Juanmi says: For taking aquarium pictures and avoiding the reflection on the front glass you have three choices, 1) get close to the front glass, that will avoid reflections, lets say no farther than ten centimeters (4 inches), 2) take the pictures at a 45 degree angle from the front glass, that will also avoid reflections and 3) Use the two (or more) flashes laterally mounted method, that will also avoid reflections.

Juanmi says: Be very patient, it is better one good picture than 100 bad ones, However, you should be ready to expect that just one in many, many pictures will be perfect, that's everyday stuff even for the best photographer, as you get better pictures 'perfect' will be farther for you taste everyday.

Juanmi says: also forget about auto focusing, you will never get a clear picture of a fast fish, you should always keep focusing and try to get the eye in focus, that will make your picture a good one.

Juanmi asks: Well, that is some basic stuff for aquarium photography, any questions about it?

Roger asks: what about the use of macro filters?

Dev says: macro filters are not a good idea Roger, usually lose some depth of field and decrease sharpness if the filter isn't of high quality.

Gustavo asks: what kind of film?

Juanmi says: Gustavo, I will use slide film with the slowest speed, let say ASA 50 for aquarium shots, I like Fuji Velvia the best, although the new (and cheaper) Fuji sensia is very good also, before that I preferred Kodak Echtachrome because is gives you colors closer to real.

Dev says: if you want print film, Fuji Reala is tough to beat.

Roger only uses Kodak films.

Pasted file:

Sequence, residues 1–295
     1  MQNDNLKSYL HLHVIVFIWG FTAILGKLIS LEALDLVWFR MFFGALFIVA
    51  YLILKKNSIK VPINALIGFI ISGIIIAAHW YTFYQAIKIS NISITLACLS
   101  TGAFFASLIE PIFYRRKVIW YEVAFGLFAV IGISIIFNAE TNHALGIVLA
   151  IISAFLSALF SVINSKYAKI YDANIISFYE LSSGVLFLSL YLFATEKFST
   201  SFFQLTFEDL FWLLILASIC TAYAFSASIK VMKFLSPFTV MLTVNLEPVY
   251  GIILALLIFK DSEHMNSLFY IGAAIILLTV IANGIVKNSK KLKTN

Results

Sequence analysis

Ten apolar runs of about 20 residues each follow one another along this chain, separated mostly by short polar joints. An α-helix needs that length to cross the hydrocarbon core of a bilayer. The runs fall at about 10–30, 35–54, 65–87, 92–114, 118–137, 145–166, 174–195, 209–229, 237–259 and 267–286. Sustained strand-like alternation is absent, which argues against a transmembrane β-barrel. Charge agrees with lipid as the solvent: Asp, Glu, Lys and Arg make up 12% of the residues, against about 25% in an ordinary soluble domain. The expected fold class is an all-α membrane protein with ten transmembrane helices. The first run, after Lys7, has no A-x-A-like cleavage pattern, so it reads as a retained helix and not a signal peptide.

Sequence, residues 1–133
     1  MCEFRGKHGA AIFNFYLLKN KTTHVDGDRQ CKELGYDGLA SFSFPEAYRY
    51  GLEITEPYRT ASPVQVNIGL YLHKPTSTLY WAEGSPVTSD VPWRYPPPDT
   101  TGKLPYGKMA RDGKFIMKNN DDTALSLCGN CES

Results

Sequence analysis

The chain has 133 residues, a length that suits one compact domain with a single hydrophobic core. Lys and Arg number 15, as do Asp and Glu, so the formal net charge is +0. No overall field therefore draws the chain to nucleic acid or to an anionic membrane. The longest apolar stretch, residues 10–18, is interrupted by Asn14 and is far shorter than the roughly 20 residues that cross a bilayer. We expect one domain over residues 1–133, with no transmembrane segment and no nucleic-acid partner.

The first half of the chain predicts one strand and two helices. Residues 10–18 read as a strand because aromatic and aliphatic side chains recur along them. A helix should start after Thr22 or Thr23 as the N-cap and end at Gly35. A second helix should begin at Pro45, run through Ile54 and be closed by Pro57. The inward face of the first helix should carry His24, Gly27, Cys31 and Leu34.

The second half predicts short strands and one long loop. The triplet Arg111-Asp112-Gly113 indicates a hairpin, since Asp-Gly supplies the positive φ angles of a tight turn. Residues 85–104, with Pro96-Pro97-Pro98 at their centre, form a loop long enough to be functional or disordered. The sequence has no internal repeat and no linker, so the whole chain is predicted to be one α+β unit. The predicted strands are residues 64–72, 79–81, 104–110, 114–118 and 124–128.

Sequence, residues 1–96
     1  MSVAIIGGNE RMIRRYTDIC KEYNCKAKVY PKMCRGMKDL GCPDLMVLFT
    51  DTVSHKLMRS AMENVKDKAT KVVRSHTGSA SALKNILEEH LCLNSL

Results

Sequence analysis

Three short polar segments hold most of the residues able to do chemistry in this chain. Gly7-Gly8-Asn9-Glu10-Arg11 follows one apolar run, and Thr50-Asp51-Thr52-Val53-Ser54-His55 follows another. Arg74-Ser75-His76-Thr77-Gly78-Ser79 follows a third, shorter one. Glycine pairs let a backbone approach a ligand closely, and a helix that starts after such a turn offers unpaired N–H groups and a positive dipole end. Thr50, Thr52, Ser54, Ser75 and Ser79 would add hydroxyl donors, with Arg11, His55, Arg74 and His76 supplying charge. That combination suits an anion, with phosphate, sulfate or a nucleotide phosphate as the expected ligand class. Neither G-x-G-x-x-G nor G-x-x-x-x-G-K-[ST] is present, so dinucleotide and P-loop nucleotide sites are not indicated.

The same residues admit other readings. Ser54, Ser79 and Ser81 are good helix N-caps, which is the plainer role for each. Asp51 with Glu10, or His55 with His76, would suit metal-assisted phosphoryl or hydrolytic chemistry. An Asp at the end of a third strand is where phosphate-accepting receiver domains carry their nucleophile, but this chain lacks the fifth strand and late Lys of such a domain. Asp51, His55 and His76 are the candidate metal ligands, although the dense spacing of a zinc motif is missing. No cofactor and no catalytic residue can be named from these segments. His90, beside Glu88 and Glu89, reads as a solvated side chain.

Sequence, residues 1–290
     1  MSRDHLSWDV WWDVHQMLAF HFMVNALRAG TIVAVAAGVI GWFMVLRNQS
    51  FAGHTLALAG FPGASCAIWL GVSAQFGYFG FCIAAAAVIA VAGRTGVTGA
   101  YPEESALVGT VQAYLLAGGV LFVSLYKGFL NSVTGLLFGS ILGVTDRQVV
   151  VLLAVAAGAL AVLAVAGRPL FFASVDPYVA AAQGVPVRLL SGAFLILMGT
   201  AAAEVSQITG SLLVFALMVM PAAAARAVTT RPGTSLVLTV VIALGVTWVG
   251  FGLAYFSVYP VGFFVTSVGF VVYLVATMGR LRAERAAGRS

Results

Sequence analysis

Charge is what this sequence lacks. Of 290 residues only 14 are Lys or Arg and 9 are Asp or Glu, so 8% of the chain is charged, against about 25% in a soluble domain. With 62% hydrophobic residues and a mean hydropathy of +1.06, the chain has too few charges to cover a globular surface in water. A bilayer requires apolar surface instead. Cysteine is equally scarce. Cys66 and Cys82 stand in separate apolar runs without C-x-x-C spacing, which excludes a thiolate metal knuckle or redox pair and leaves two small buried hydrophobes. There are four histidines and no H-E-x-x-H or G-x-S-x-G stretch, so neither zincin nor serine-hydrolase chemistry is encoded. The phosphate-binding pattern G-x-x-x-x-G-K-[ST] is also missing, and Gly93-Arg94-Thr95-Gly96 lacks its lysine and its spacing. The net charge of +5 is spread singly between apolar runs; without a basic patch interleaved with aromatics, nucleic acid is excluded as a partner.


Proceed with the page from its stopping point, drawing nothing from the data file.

Dev says: the newest and most expensive Kodak print film (I forget the name) is the most comparable to Reala, but Reala has an edge on color saturation.

Juanmi says: Old Fuji films gave you colors very bright and non existent.

Roger asks: how about a comment from personal experience?

Juanmi says: Well as I said, be patient, know your fish, expect many bad pictures and get rid of them, I have taken thousands of pictures and many have been published, and just a fraction of them rally convince me. Of course, the more picture you take, the more good pictures you get, I mean proportionally.

Dev says: Not to belittle Juan's method since the direct flash method works well, but there are other methods that may work better, depending on what your goal is. There are different techniques for photographing an entire tank as a "landscape" versus taking closeup photos of your beloved specimens...

Dev says: Those of you with plant tanks will realize that photos look outstanding with some plants in the background, and this may require a bit more than the direct flash-forward lighting.

Juanmi says: Yes Dev, but I was talking fish photography, you can take long time exposures for lighten planted tanks that will come awesome.

Dev nods his head in understanding.

Roger says: I tried a digital camera, with horrible results.

Kenkearney nods his head in understanding.

Gecko asks: why horrible results with the digital Rog? Just low resolution or something else?